Government efforts to fight the controversial scheme amid fears it could undermine attempts to revive exports after the EU trade embargo is lifted, were overruled at a meeting of European agricultural ministers. The move comes in a bid to restore consumer confidence in beef, still shaken a year to the day after Stephen Dorrill's House of Commons statement linking BSE and CJD triggered a worldwide health scare. Agreement on the labelling rules came after a three-day debate which saw Britain lose the battle against the first return to national food promotions in the 40-year existence of the Common Agricultural Policy.
The only concession was that British consumers will not have to be told where the meat they buy originates from. This, the Government had argued, would place an unrealistic burden on retailers and producers.
Mandatory identification of the country of origin of beef on sale in shops will come into force from 1 January, 2000, according to the deal agreed yesterday. Britain will be free to omit labels on meat sold domestically or abroad provided the country of export is also opting out of the scheme. In practice, only Italy is expected to opt out.
Before 2000, member states can bring in labelling on a voluntary basis for beef produced and marketed at home. This, for example, will allow the French immediately to legalise the "Viande Francaise" stickers on French beef which have provoked anger from neighbouring countries which claim they are a form of trade discrimination.
It seems clear that if, as expected, other EU countries mark the origin of their beef, then any British beef which finds it way into supermarkets in Europe will also be readily identifiable merely by the absence of a sticker.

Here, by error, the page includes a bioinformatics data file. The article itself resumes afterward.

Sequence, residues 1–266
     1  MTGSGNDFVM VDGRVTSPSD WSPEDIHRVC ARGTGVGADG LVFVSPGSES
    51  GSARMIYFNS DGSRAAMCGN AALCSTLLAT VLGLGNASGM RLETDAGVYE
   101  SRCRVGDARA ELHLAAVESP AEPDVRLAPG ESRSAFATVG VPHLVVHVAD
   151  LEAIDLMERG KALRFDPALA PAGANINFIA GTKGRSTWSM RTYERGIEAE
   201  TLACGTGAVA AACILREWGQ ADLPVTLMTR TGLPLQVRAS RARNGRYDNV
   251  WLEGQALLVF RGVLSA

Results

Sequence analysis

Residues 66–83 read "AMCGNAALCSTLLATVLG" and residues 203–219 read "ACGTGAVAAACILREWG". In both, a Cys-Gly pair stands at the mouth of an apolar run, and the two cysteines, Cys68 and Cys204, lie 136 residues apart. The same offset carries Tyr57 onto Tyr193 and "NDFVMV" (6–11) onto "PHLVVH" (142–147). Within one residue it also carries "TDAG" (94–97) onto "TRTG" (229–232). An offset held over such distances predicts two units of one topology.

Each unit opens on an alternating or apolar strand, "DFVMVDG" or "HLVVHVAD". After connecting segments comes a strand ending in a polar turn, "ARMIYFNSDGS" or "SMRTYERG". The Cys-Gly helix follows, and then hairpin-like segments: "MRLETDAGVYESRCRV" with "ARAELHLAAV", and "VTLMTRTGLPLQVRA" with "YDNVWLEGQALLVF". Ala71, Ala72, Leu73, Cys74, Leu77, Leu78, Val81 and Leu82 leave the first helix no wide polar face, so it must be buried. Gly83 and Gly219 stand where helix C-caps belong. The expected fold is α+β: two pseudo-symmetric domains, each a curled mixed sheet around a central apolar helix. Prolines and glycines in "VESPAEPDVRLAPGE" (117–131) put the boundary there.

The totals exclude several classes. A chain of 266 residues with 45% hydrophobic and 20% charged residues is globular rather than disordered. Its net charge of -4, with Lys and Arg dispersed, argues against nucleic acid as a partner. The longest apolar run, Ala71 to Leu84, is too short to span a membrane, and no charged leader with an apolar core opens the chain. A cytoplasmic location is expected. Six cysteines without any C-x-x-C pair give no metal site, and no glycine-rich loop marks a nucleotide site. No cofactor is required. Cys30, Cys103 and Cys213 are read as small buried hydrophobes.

The European Commission had also voiced reluctance about the scheme which flies in the face of the principles of the single market, but condemnation of its handling of food safety led to a change of heart. "Consumers want more information. They now want to know how meat is produced," said a spokesman.
People who eat sheep's liver or kidneys more than once a week could be at risk of poison-ing by cadmium, a heavy metal found in sewage sludge, according to new research commissioned by the Government.
Preliminary results of the work, published in today's New Scientist, commissioned by the Ministry of Agriculture, Fisheries and Food (Maff), found that the livers of sheep which had grazed on land fertilised with sewage sludge had levels of cadmium eight times higher than sheep grazing on clean pasture. The concentration of cadmium in their kidneys was six times higher.
The finding also presents problems for water companies, which, after 1998, will probably face a European ban on the dumping of sewage sludge in the sea, and are expected to try to increase its use as fertiliser. A third of the 30 million tonnes of sewage sludge produced each year in Britain is dumped into the sea, a third is incinerated or buried in landfill sites, and a third is given to farmers.
Cadmium is introduced into sewage through industrial pro- cesses such as electroplating. In humans, it causes kidney and liver damage and affects the operation of the red blood cells.Reuse content